Multidimensional interpretation of rising and falling tunes for requests and offers

Abstract : Intonational contours convey multidimensional meaning. While it has been long assumed that the semantics of tunes are driven compositionally by integrating the meaning of pitch accents and phrasal/boundary tones [1], perception of meta-linguistic information such as valence of speaker emotion is known to affect listeners' judgment of speech act (e.g., statement vs. question: [2]). Social factors also affect tune choices: the speaker may choose different tunes (e.g., for requests and offers) according to their familiarity with the listener [3], and the perlocutionary meaning is a function of both sentence type and tune [4]. The present study investigates the interpretations of rising and falling tunes of specific kinds of requests and offers in American English (e.g., Can [you/I] bring [me/you] some water?). In particular, it tests how the perceived speaker mood, degree of sincerity and projected authority interact with one another (see example in (1)). The choice of the three dimensions is in line with the literature (e.g., [5]). Since the tested requests and offers belong to polar (yes/no) questions, the intonational deviation from the default rising tune [1] was predicted to evoke negative assessment of speaker mood and perception of relatively lower authority of the listener (or higher authority of the speaker). The effect of falling tune on the perceived degree of sincerity may differ between requests and offers, because an offer (Can I bring you some water?) with a falling tune may sarcastically convey the lack of intention to make an offer, whereas a request (Can you bring me some water?) is less likely to be uttered without intending to make a request, even with a falling tune. A total of 96 request-offer pairs were recorded with both rising [H* L-H%] and falling [L* L-L%] tunes by two female native speakers of AE. 240 participants were randomly assigned to the 24 presentation lists for an online survey until each list reached 10 participants. Each participant rated a total of 96 items, which were presented as a sequence of 6 blocks that clustered 16 items by utterance type (request/offer) and question type (mood/authority/sincerity). On each trial, participants pressed the play button to listen to the sentence, saw the question, and rated the sentence using the slide bar underneath it (Fig. 1). Each participant provided a rating on only one of the three questions for a given version of an item (see (1) for an example set of questions that were cycled across lists). Responses from 237 participants (observation N=22677) showed the predicted main effect of falling tune, which led to overall negative assessments of mood and sincerity (both p<.001) and higher speaker authority (p<.001). The effect of tune also showed robust interactions with the utterance type for authority and sincerity (both p<.01). While the falling tune had a similar negative impact on the assessment of the mood across requests and offers (Fig. 2), it led to higher speaker authority for the requests than for the offers (Fig. 3). This may imply that participants considered the falling tune as more deviant from their social norm for making a request than for making an offer. As for the rating of sincerity, the falling tune had a much larger impact on the offers than on the requests (Fig. 4). This supports our hypothesis that offers may express wider range of illocutionary forces and the change in the tune has larger impact on how sincere the speaker sounds in making an offer. In contrast, the tune does not seem to largely affect the perceived strength of the speaker's wish for requests. The present results demonstrate how different intonational tunes are assessed along with their meta-linguistic and social dimensions. We aim to further investigate the correlations among these interpretational dimensions, and test how the presence of the discourse background or knowledge of speaker-listener social relationships influence utterance assessments.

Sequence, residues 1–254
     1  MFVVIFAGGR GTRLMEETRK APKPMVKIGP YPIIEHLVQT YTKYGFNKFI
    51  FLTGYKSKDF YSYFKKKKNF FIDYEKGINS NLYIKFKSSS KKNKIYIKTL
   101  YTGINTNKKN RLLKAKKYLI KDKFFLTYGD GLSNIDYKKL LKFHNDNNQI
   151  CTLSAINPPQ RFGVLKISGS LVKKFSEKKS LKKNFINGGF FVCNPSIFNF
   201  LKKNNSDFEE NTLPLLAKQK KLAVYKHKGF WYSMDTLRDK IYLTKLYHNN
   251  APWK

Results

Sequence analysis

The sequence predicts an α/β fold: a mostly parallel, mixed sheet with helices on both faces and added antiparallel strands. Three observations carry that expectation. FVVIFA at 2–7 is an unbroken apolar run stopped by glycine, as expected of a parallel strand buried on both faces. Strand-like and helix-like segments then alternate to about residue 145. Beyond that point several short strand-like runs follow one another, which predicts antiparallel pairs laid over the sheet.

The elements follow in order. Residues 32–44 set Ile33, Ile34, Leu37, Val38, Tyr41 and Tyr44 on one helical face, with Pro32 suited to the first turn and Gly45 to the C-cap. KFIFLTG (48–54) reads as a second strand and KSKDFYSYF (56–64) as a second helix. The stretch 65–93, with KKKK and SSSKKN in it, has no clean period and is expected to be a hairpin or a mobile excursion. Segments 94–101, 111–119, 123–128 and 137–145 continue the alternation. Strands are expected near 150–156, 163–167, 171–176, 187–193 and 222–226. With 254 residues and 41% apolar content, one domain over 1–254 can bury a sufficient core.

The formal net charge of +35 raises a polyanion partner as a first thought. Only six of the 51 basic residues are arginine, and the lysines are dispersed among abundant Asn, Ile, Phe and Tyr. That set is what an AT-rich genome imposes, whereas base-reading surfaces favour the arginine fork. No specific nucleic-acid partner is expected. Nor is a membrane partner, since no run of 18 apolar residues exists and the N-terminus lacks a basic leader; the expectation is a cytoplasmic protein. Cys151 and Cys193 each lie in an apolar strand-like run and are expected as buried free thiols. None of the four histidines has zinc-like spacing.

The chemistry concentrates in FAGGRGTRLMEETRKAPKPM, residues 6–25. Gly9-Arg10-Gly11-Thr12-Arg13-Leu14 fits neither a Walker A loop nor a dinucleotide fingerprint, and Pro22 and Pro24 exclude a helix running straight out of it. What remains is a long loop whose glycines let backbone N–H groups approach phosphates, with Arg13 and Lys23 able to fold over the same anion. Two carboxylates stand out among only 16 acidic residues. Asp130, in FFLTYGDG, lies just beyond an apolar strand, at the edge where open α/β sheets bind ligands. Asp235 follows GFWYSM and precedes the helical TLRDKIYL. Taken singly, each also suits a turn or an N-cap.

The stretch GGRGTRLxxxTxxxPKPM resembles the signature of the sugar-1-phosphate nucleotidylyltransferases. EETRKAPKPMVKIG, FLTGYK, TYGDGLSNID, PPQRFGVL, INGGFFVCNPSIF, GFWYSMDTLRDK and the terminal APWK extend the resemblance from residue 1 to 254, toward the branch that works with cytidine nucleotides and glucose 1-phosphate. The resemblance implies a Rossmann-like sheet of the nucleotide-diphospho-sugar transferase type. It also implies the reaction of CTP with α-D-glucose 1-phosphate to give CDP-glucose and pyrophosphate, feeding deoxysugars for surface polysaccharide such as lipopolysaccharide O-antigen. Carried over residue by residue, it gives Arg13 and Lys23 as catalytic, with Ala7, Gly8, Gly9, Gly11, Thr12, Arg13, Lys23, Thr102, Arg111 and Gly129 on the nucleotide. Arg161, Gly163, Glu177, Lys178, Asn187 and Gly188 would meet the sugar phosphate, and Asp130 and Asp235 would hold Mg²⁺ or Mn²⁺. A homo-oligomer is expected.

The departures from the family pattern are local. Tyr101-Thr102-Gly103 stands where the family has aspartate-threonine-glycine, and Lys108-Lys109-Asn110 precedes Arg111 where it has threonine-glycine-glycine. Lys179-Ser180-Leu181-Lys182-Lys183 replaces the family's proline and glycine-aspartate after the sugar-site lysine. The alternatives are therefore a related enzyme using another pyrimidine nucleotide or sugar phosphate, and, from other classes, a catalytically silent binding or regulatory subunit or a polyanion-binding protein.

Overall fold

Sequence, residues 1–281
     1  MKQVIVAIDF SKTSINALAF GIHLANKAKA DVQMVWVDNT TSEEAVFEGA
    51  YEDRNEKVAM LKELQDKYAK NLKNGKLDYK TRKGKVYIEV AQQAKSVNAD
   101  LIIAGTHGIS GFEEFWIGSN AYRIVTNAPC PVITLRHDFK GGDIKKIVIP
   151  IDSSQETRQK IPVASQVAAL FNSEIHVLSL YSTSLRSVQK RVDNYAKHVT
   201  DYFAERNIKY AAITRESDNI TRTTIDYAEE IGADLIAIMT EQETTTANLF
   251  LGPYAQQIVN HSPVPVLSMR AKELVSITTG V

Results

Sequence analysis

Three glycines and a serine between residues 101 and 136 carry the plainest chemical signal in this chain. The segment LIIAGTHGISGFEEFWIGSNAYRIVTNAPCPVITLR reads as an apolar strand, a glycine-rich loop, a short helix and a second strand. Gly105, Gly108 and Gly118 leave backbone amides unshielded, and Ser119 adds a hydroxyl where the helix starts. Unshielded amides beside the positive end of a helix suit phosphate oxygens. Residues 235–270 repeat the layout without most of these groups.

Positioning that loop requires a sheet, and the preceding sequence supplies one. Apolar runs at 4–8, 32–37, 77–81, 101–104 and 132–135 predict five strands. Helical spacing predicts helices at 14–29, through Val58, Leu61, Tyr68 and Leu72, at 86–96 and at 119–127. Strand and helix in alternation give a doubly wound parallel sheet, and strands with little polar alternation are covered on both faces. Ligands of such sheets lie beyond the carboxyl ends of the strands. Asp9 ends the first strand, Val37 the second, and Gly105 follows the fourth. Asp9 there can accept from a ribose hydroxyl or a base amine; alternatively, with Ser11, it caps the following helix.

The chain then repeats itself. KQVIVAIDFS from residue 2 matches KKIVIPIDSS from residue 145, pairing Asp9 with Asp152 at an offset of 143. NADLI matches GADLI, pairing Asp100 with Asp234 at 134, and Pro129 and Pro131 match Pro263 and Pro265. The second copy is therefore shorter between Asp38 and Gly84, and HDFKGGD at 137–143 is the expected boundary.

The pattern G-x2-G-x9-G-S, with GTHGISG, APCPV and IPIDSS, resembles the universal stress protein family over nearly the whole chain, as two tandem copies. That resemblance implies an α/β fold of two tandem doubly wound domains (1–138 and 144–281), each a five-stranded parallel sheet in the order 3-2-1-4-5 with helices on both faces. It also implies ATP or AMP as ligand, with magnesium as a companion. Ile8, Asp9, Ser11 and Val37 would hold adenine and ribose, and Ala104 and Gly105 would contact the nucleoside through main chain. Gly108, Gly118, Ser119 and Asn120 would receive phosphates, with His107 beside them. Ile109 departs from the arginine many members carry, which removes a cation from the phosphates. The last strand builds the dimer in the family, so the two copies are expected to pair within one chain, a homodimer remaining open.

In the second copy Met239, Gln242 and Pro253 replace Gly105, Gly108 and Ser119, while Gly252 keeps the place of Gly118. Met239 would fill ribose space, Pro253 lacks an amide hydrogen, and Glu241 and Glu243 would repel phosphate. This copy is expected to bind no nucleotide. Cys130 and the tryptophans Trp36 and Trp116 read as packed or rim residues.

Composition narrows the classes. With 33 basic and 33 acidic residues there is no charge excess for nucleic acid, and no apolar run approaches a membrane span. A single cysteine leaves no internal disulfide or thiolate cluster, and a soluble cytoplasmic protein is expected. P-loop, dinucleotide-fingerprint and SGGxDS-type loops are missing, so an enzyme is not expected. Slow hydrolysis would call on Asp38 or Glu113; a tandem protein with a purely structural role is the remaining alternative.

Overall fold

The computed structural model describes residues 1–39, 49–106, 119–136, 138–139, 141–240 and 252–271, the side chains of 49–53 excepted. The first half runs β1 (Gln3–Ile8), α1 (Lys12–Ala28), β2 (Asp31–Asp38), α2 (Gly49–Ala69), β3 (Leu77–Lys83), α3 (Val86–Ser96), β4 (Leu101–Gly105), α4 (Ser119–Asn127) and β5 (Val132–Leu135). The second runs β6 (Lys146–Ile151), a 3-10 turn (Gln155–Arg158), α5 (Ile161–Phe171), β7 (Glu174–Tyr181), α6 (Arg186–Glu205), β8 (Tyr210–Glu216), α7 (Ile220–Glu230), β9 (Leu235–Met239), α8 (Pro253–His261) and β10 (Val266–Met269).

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Caterina Petrone, Elisa Sneed German, Kiwako Ito, James Sneed German. Multidimensional interpretation of rising and falling tunes for requests and offers. The 16th Conference on Laboratory Phonology (LabPhon), Jun 2018, Lisbon, Portugal. ⟨halshs-01793224⟩

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